First, a disclaimer. I’m a member of the Alliance of Independent Authors (ALLi), and so is Roz Morris. That’s as far as the connection goes; I’ve never met her, though I’ve seen plenty of her posts and know quite a bit about what she has to say about writing. I did not get this book free; I paid to download it, and I downloaded it because I wanted to read it. I have read a number of books by ALLi members; I’ve reviewed some of them and not others. My general rule is that I don’t publish a review unless I can give the book at least three stars (I made an exception last week for the latest Louise Penny book), but for ALLi members I increase that to 4 stars – if I can’t give an ALLi member’s book at least four stars, I don’t review it. (If you are an ALLi member, you know I’ve read your book, and yet I didn’t review it, now you know the reason).
I have read a number of “How To” writing books – I imagine most writers have. Not many stick in the mind. Some were not very good at all, most were reasonably informative but forgotten after a while – and a very small number were absolute winners. This is one of those.
I write about people. I mean, I also write about events, and ideas, but people are what come first. People are what most interests me. (If I weren’t a writer, you might even call me nosy). I think that comes across in my books; a number of people have told me how invested they became in my characters. Nevertheless, I learned an enormous amount from Roz Morris’s book. She’s very good on “show, don’t tell” and she has some great stuff on how you can show things through what your characters do, what they say and how they look. She is also very good on handling minor characters, which is where a lot of people fall down. Her background as a ghost writer and editor has equipped her, first to know how to create the characters she wants to portray and then to tell other writers how to do the same.
This, obviously, is a book for writers. That doesn’t mean non-writers will get nothing out of it – even if you are not a writer, reading about how good writers create and portray characters will probably help you get more from the next book you read. But if you are a writer then, unless you are among that tiny, tiny minority who never get a character portrait wrong, you need to read this book. You need to absorb what it says. And act on it.
I very nearly missed this. First of all, Susie Steiner used to work for the Guardian and I haven’t knowingly read anything by an inmate at that home for the differently sane since the days of Saint Mugg. Then, when I read a positive review of Steiner’s latest book in the Sunday Times, I followed my usual practice of ordering the author’s first book, The Homecoming. All I can tell you about that is that the first third is very well written but not my sort of thing. I didn’t get further than the first third, so I can’t tell you any more – except that it is not a crime novel, and crime novels were what the Sunday Times review had led me to expect. I’m still not sure why I persevered. Perhaps it was because The Homecoming, though not for me, was so well written and the characters so clearly understood by the author. Anyway, persevere I did, and I bought her second book, Missing, Presumed. This IS a crime book and it’s one of the best I’ve read for some time.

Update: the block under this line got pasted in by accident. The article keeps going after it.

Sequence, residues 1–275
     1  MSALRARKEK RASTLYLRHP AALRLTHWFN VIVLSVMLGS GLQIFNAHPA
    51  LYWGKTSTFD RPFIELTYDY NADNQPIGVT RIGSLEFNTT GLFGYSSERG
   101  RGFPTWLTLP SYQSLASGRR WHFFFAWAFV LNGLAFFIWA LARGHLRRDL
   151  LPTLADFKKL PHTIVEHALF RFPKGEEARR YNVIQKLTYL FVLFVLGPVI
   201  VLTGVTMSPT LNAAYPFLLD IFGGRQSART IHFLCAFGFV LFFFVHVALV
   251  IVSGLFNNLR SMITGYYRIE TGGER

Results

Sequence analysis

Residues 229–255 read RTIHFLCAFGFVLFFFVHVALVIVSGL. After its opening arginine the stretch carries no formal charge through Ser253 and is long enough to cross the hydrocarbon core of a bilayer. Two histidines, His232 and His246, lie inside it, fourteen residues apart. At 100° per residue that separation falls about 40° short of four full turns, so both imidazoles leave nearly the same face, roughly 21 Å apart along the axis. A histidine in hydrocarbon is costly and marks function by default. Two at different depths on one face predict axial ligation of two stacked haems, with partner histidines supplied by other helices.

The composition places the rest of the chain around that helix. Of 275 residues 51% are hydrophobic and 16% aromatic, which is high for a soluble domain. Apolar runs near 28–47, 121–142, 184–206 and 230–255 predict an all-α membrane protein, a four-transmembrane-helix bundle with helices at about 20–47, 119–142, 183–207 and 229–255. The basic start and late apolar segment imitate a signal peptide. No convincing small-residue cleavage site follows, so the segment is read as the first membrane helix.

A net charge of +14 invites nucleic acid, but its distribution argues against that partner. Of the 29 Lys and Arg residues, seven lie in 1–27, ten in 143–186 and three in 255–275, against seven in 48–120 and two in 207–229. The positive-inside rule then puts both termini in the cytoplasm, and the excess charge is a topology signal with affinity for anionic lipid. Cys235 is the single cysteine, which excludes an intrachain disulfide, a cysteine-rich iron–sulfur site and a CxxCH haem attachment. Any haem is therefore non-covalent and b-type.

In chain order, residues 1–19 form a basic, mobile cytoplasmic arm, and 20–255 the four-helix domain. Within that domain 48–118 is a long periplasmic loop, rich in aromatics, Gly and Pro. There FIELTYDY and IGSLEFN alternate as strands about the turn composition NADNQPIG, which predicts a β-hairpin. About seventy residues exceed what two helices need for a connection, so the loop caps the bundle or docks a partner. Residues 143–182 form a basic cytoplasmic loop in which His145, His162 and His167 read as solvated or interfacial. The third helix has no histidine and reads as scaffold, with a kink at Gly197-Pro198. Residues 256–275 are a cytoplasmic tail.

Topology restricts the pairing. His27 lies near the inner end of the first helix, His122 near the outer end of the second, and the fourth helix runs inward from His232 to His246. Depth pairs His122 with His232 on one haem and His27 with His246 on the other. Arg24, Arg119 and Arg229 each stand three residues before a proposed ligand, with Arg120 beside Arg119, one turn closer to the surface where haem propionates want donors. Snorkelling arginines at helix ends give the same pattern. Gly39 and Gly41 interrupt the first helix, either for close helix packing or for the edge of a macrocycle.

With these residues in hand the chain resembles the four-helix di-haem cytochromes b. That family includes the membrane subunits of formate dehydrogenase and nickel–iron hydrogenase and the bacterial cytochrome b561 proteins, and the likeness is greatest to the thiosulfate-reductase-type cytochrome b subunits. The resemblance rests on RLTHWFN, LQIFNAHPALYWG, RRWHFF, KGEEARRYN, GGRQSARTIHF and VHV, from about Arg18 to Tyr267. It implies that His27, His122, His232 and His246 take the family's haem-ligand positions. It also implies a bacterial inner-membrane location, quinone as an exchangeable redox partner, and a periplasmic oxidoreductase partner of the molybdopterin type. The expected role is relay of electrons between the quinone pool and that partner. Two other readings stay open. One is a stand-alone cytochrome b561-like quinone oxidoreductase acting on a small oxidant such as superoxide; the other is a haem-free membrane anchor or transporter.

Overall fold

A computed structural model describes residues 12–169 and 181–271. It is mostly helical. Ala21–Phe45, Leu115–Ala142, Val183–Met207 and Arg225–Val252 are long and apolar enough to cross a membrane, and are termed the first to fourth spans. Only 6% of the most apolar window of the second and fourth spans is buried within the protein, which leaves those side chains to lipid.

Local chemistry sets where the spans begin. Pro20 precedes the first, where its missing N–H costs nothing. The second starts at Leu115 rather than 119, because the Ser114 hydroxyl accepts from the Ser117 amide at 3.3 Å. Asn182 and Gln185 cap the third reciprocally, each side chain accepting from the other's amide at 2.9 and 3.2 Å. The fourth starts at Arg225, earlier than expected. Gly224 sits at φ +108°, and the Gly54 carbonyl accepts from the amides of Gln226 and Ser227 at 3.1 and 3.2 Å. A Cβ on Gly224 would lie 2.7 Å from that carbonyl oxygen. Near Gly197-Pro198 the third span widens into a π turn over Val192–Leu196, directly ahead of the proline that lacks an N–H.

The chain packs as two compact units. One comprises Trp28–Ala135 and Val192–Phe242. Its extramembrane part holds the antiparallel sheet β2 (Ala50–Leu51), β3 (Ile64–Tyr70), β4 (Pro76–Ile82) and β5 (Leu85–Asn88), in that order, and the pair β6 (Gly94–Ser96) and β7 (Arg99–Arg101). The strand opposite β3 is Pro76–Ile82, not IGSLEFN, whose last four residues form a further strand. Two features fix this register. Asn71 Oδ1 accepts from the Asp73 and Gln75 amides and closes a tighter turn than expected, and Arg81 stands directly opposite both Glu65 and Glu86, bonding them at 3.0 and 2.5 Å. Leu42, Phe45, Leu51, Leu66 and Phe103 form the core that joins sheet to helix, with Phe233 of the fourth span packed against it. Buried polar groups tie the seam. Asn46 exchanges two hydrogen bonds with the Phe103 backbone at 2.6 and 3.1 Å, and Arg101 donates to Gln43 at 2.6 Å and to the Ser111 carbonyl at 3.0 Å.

This is a heavily oversubscribed genre and writers are giving us every kind of dysfunctional nutcase as a copper in the hope of triggering interest from a TV company. And many people would call Detective Sergeant Manon Bradshaw a dysfunctional nutcase – but, if she is, she is an exceptionally well realised dysfunctional nutcase. In fact, in many ways, this is a novel about dysfunction. What Susie Steiner gives us is:
- A whole cast of well realised, fully understood characters
- A well worked out plot
- A satisfying ending that matches both plot and cast.
There are some really tasty attractions. The missing woman, Edith Hind, is a stunning model of self-absorption reminiscent of the “hero” of John Lanchester’s The Debt to Pleasure. Her chap is another. And as for the lonely detective sergeant’s idea of wooing, if I thought she had my address, I’d turn out the lights and lock the doors.
Steiner is at home, whether writing about the upper crust or the underclass. On the one hand, we have a surgeon to the Queen who thinks nothing of calling his old school friend and Bullingdon co-member, now Home Secretary, to get the police moving in his preferred direction. On the other, we have a mother struggling (and failing) to give her 10-year-old son even the most basic survival tools (food. Warmth. Shelter). And we don’t hesitate to accept either portrait.
An excellent book, which I warmly recommend.